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April 8: The Confrontation of Moral Absolutes and the Triumph of Christianity

Edward Gibbon: The Decline and Fall of the Roman Empire and the Triumph of the Christian Faith

Vision Viewpoint’s Christian radio program looks at the powerful influence of Christianity, and how it not only has the power to change hearts, but also to cause the downfall of great – though Christless – empires such as Rome. Vision Viewpoint is a ministry of Reformation Hope Church in Hartford, WI.
Edward Gibbon, in his multi-volume work The Decline and Fall of the Roman Empire, the classic work of the history of imperial Rome and the empires that rose right out of its bosom, mentioned in the powerful and famous fifteenth chapter: "The Roman Empire, for all of its strength, did not know how to confront the lowly Christian church."
It was, in fact, that lowly Christian church that overwhelmed the Roman Empire. It was not that the church conducted a siege of generals directing soldiers, chariots, and javelins – not at all. It was a different kind of confrontation, one in which Christ told His disciples would confront the world’s sin with righteousness and judgment.
The message of sin goes to the fact that God confronts us with moral absolutes. Gibbon noted this fact. Mankind has always preferred moral relativism: we don’t want to be bound by the word of God – none of us do. It is only when God gives a new heart to a man or a woman through the means of the historic gospel, thus producing a testifying faith in Christ. There is a change that takes place, and that change is affected by the Lord Himself.
Remember, Gibbon was an agnostic – he was not a believing man. But as a historian, he recorded the fact that Christianity used its worldview, which was much more powerful and overwhelming than the Roman Empire itself. It was Gibbon who said, "A rational inquiry into the progress and establishment of Christianity shows that Christianity may be considered as a very essential part of the history of the Roman Empire. While that great body was invaded by open violence or underminded by slow decay, a pure and humble religion gently insinuated itself into the minds of men. It grew up in silence and obscurity, derived new vigor from opposition, and finally erected the triumphant man on the cross on the ruins of the capitol."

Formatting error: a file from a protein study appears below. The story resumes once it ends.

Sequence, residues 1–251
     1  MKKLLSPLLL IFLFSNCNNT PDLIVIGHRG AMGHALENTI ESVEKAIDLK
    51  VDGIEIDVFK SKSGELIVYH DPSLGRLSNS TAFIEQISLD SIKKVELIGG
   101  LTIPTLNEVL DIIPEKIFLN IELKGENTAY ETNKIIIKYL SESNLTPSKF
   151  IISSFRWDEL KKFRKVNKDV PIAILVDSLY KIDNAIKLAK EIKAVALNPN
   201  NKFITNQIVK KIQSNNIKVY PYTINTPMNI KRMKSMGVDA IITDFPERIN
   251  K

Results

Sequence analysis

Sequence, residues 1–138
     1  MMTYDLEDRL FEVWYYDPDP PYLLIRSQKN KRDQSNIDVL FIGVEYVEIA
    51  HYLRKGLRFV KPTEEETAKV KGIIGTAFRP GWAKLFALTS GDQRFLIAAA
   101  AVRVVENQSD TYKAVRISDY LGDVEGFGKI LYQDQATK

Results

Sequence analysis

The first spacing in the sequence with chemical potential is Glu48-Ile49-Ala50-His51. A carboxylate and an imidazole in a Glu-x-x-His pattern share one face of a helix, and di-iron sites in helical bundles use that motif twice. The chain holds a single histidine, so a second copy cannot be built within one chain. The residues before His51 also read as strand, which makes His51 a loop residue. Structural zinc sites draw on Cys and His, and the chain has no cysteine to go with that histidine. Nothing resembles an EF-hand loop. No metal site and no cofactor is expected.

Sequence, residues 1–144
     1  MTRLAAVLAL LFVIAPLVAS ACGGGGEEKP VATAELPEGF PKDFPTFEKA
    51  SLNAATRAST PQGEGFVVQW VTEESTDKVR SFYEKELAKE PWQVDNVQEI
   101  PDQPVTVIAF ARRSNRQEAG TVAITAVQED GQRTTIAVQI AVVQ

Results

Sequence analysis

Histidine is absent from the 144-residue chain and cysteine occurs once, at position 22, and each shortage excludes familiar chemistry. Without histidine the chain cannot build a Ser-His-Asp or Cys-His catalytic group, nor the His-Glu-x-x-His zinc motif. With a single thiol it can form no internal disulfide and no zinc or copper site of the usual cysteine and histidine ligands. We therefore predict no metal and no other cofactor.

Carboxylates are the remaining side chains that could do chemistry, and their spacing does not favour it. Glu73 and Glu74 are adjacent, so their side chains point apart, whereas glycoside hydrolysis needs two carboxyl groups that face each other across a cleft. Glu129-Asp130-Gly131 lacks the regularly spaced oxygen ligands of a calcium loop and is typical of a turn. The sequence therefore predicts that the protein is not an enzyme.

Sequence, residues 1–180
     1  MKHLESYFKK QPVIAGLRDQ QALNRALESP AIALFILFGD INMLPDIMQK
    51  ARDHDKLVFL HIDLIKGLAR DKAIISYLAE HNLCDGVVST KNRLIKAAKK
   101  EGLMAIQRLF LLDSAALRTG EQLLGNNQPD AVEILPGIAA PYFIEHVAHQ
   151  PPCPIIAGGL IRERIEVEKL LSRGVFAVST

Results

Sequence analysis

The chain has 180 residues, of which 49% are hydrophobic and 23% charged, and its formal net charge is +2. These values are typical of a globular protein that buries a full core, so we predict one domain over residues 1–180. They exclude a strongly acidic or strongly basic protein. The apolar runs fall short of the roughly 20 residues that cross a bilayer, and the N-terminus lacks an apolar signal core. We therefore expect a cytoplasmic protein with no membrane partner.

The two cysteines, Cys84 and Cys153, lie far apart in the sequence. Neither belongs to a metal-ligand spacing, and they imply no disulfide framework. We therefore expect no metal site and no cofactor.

The Christian faith, in Gibbon’s opion, triumphed because it actually gave hope to the people of Europe and beyond, especially by means of emplementing its system of moral absolutes. "Moral absolutes" is actually a rather weak phrase. What is actually the issue are the laws of God. The laws of God were never designed for salvation, they were designed for instruction in righteousness. They were designed as a schoolmaster to lead men to Christ – but first, to lead men and women through the obstacle of their sins.
The Roman Empire was confronted with sin and righteousness and the preaching – and the martyrdoms of Christians. The Roman Empire reacted with persecution; the church, history and Gibbon note, grew in such persecution. "The blood of the martyrs is the seed of the church," as the renowned pastor and theologian Tertullian once stated.
"Every perspective in philosophy and in the multitiude of hundreds of religions throughout the empire attacked Christianity, yet Christianity left their temples empty as converts made their way to lowly churches, in the humility of the first day of the week’s worship each and every Lord’s Day." This is not my statement. It is the statement of Julian the Apostate, the Roman emperor who lashed out against the Christian faith and finally, tradition tells us, died in a battle after raising the sword to a figure that referred to Christ, saying, "Thou hast conquered."
Whether or not that particular story was historically true, Julian the Apostate, as history records him, knew that the Christian faith had defeated the institutions, disemboweled the idolatries and worldview thinking of the Roman Empire, and had lead many of its people to true hope in Christ. Even in the bloody martyrdoms of the arena, the Christian could raise his prayer unto God and praise God for the victory he had obtained.
The Christian radio program Vision Viewpoint is a ministry of Reformation Hope Church in Hartford, WI.

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